Approaching a technological challenge on the scale of the SKA Telescope is formidable.
The Square Kilometre Array once complete will provide a million square metres of collecting area, with millions of radio telescopes, comprising dishes, dipole antenna and apertyire array instruments connected using the highest speed communications network ever envisaged in the field of astronomy, feeding data at rates which will dwarf modern data transmission scales over the Internet.
This huge increase in scale demands a revolutionary break from traditional radio telescope design and radical developments in processing, computer speeds and the supporting technological infrastructure.
Three types of radio telescopes, being dishes, mid frequency aperture arrays and low frequency aperture arrays, will be used by the SKA to provide continuous frequency coverage from 50 MHz (6 m wavelength) to 20 GHz (1.5 cm wavelength).
Combining the signals from the antennas over this wide a frequency range will generate so much data, that local stations will be required just to combine and reduce it to more manageable packages for distribution to supercomputers and then on to scientists all over the world.
Built over two sites in Australia and Africa, the SKA will achieve both high sensitivity and high resolution images by having antennas densely distributed in the central region of the arrays and then positioned in clusters along five spiral arms – the clusters will become more widely spaced further away from the centre.
A phased approach: The construction of the SKA will be phased. Phase one (SKA1) will constitute about 10% of the array and will include dishes and low frequency aperture arrays.
Phase two (SKA2) will extend the array with mid frequency aperture arrays and dishes. The phased construction of the telescope will mean that the SKA can start operating and producing valuable science before overall construction is completed.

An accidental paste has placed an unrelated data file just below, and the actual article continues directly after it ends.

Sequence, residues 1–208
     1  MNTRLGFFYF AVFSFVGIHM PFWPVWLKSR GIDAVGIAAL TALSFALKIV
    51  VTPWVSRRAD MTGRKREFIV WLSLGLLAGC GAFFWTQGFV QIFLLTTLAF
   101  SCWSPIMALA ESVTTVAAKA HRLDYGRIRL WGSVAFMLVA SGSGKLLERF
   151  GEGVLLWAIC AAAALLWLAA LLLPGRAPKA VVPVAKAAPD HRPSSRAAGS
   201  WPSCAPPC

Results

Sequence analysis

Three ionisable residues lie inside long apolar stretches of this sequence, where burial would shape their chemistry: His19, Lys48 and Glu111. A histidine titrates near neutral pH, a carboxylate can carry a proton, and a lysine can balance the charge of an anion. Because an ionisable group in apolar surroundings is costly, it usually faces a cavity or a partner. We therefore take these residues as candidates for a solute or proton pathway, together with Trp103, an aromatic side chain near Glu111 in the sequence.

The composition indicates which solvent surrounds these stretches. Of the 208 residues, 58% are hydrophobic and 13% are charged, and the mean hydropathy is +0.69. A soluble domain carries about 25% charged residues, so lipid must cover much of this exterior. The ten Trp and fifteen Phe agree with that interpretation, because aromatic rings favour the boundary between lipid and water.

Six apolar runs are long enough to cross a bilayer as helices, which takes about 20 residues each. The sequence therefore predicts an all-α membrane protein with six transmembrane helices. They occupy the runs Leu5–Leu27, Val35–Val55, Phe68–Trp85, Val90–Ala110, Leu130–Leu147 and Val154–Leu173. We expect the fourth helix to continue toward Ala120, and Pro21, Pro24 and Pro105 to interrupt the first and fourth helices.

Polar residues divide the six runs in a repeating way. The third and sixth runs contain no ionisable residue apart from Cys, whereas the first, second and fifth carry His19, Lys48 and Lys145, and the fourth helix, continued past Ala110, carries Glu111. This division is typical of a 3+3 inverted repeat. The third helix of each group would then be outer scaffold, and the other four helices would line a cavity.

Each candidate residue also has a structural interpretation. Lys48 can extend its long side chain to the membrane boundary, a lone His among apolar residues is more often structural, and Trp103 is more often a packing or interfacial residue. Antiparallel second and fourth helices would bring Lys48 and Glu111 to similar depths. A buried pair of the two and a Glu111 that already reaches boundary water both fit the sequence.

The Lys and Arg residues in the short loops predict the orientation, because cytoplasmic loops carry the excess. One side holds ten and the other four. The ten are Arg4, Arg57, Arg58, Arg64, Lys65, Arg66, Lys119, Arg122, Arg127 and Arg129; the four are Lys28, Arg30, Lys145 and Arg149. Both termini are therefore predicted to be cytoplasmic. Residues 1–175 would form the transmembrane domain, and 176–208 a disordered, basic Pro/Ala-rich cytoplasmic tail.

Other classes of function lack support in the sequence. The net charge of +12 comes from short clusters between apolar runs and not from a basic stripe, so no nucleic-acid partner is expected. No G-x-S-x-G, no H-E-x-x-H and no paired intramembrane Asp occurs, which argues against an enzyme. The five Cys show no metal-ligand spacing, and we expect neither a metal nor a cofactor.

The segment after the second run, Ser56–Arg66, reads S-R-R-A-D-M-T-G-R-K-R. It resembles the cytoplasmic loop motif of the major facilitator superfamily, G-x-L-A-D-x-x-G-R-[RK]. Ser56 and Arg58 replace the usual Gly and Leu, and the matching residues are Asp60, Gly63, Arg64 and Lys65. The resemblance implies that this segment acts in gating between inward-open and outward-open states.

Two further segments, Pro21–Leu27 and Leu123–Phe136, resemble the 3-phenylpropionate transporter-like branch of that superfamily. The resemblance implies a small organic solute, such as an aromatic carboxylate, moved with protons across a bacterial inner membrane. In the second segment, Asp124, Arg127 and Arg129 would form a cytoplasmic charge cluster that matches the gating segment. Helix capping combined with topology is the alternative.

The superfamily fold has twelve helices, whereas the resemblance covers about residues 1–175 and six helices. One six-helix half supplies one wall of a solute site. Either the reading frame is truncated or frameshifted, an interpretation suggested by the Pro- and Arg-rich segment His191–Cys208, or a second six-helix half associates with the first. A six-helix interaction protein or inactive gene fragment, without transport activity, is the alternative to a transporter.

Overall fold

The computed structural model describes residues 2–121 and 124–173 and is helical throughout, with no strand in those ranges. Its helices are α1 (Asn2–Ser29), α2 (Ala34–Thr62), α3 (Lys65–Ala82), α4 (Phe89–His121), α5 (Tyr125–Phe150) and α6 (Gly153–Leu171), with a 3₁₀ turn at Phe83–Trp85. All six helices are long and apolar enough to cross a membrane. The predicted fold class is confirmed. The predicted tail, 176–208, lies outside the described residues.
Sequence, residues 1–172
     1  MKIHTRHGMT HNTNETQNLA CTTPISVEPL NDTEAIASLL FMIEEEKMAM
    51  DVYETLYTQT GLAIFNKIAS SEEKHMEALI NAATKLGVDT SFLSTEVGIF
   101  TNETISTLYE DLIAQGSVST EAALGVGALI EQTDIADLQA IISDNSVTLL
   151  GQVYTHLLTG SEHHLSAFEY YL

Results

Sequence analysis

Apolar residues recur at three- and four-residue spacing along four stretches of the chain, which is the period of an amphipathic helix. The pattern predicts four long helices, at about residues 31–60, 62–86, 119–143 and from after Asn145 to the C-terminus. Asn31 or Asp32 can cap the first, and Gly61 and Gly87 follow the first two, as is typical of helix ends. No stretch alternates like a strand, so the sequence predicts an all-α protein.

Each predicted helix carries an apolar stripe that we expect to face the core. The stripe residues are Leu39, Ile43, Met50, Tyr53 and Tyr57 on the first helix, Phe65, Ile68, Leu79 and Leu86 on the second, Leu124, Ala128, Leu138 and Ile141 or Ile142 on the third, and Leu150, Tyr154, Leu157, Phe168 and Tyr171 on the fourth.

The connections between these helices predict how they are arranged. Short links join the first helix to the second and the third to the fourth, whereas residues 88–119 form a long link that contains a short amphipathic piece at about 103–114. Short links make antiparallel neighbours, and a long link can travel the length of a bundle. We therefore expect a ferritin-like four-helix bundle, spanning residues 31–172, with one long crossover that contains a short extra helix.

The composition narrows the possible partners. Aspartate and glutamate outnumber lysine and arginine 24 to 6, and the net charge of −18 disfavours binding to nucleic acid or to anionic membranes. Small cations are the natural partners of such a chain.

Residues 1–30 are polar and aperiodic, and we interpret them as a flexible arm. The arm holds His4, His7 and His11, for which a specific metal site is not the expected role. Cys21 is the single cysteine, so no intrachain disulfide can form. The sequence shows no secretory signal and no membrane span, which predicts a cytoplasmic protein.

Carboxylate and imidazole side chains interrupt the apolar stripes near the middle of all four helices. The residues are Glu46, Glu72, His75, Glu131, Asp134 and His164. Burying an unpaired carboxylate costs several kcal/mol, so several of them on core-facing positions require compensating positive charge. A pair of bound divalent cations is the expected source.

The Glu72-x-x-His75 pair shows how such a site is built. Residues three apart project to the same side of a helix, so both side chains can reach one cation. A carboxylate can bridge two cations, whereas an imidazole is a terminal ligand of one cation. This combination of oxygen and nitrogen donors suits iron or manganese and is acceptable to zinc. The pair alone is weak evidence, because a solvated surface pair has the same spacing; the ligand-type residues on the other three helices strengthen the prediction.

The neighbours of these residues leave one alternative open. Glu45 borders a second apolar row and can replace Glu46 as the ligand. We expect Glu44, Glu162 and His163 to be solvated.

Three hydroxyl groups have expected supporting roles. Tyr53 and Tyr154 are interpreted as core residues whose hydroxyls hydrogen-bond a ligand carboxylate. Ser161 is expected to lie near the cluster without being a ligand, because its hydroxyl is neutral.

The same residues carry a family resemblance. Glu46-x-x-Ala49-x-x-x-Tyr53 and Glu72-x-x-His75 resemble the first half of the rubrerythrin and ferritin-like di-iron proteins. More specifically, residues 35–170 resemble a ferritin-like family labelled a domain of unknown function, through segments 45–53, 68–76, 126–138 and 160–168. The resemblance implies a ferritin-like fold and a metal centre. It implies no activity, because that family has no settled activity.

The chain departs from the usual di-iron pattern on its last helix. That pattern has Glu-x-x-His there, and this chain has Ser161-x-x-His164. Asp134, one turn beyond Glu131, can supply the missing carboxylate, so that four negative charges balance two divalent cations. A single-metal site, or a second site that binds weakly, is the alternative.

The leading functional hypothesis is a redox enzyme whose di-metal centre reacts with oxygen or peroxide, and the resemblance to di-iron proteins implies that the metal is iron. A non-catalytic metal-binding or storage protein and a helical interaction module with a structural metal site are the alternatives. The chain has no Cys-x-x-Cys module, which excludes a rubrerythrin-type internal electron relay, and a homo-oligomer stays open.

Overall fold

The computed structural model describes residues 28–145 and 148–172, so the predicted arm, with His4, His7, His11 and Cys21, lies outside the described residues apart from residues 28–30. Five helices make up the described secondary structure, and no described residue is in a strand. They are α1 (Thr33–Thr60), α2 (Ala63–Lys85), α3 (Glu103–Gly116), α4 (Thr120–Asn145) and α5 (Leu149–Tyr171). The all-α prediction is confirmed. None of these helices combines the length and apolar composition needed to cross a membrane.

Phase 1: Will take place between 2018 and 2023.whilst Phase 2 work will commence in parallel to be completed soon after phase 1
The SKA will drive technology development particularly in information and communication technology.
Spin off innovations in this area will benefit other systems that process large volumes of data from geographically dispersed sources. The computing requirements of the SKA will exceed those of the fastest supercomputers available in 2013, whilst the data processing and amounts of data will compete with that generated by the entire Internet, facilitating the need for a new kind of high speed network.
The energy requirements of the SKA, with its remote locations isolated from major power grids also presents an opportunity to accelerate technological development in scalable renewable energy generation, distribution, storage and demand reduction.
Pivotal SKA technology is being demonstrated with a suite of precursor and pathfinder telescopes and with design studies by SKA groups around the world. Key SKA technologies will be derived from these and many solutions will be selected and integrated into the final instrument.
The following table gives an indication of the technical specifications for the SKA radio telescopes. You may wish to consult our detailed glossary of terms relating to radio and general astronomy
|Frequency range||50 MHz (6 m wavelength) to 20 GHz (1.5 cm wavelength)|
|Sensitivity area / system temperature||5 000 m²/K (400 μJy in 1 minute) between 70 and 300 MHz|
|Survey figure-of-merit||4×107 – 2×1010 m4K-2 deg2 depending on sensor technology and frequency|
|Field-of-view||200 square degrees between 70 and 300 MHz1-200 square degrees between 0.3 and 1 GHz1 square degree maximum between 1 and 10 GHz|
|Instantaneous bandwidth||Band centre ± 50%|
|Spectral (frequency) channels||16 384 per band per baseline|
|Calibarated polarisation purity||10 000:1|
|Synthesised image dynamic range||>1 000 000|
|Imaging processor computation||1018 operations/second|
|Final processed data output||10 GB/second|